Valuation of Franchise Resales

Valuation of Franchise Resales

Previous articles in this series have explored the concepts behind a structured franchise resale process and the life cycle of franchisees through to the planning and documentation stages of a sale. Now, Derrick Simpson, Managing Partner of Franchise Resales Limited, explains how to establish a value for the business and agree the purchase price for the prospect that will become your new franchisee

Establishing a value and asking price for a particular business is surprisingly straightforward and is very much about clarity. Challenges arise when emotions take over from logic. For franchisees, the shock arising from not having their expectations managed through exit planning and a structured resale process can mean they are disappointed by the valuation they receive. This may lead to conflict with the franchisor as well as the potential for internal stresses.

The well-established truism ‘a business is only worth what a purchaser is prepared to pay for it’ is of course completely accurate, if a little glib. The skill is to ensure the financial presentation of the franchisee’s business is as clear and simple as the physical aspects described in previous articles. If the business is easy to understand financially, without hidden issues, a purchaser will be more confident. They will see that the underlying profit the business is generating can reasonably be expected to continue under their ownership. It is this sustainable operating profit that establishes the value of a particular business.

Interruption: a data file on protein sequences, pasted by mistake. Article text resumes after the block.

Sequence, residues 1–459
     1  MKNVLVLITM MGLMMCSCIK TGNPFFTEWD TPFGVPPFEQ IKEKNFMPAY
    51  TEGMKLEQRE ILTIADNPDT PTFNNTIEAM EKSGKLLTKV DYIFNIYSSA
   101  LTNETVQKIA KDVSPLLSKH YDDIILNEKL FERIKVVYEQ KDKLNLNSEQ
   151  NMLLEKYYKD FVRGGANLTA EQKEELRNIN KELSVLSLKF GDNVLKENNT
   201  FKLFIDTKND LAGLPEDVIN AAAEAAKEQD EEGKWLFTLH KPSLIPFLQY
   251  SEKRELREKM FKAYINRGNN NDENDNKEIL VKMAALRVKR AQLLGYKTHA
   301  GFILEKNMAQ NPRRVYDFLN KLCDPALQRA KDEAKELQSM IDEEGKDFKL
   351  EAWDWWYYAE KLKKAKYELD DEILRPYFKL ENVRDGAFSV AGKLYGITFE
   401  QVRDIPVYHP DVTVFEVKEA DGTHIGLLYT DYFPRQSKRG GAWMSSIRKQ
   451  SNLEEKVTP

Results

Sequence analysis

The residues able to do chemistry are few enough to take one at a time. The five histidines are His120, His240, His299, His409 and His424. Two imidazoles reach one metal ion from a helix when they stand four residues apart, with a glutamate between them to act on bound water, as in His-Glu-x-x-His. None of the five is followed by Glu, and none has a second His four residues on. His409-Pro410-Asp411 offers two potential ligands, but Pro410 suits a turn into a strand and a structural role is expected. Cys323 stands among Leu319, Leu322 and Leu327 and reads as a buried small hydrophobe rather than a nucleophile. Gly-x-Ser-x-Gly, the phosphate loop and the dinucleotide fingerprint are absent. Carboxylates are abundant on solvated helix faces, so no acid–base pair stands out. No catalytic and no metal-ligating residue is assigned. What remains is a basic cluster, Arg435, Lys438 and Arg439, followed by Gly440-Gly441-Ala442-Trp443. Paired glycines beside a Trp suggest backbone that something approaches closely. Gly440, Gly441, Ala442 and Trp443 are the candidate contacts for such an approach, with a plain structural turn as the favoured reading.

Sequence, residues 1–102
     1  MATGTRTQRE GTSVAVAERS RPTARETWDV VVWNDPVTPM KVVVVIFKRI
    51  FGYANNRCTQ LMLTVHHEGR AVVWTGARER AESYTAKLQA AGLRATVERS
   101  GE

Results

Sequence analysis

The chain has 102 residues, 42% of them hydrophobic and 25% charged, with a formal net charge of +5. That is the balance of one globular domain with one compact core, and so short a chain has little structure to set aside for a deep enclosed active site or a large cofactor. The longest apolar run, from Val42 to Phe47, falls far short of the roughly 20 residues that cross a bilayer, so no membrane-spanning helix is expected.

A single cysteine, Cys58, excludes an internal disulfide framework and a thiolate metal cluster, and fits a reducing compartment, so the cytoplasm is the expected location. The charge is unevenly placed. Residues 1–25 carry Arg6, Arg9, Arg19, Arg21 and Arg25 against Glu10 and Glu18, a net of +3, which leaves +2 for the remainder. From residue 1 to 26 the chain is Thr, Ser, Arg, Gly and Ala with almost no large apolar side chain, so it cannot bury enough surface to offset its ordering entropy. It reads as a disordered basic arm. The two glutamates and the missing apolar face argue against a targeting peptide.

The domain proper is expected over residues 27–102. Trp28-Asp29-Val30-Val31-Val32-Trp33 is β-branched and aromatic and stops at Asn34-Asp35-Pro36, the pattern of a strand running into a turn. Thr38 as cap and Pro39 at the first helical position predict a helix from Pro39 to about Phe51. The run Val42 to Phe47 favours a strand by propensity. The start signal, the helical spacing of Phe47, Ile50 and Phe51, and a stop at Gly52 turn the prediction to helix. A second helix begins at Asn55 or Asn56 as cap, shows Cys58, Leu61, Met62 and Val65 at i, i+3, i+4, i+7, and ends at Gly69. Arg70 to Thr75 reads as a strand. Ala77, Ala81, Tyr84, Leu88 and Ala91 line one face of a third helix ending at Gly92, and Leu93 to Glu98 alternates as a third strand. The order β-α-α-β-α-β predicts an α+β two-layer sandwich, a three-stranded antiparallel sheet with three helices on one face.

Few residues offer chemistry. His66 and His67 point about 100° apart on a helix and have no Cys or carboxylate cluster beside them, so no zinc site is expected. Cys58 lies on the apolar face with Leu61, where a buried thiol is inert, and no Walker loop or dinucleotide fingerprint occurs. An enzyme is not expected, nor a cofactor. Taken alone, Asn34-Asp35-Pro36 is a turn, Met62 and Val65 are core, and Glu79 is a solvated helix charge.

Summing up

It is quite possible for two franchises within the same franchisor’s system with similar turnovers to sell for very different sums. This situation occurs because the costs within individual businesses often differ. Staffing levels, staff salary costs, costs of sales, rent and other premises all vary between individual operations. The simpler the operation the easier it is to have similar selling values, but once staff, premises, purchases and production enter the equation, wide variations can occur.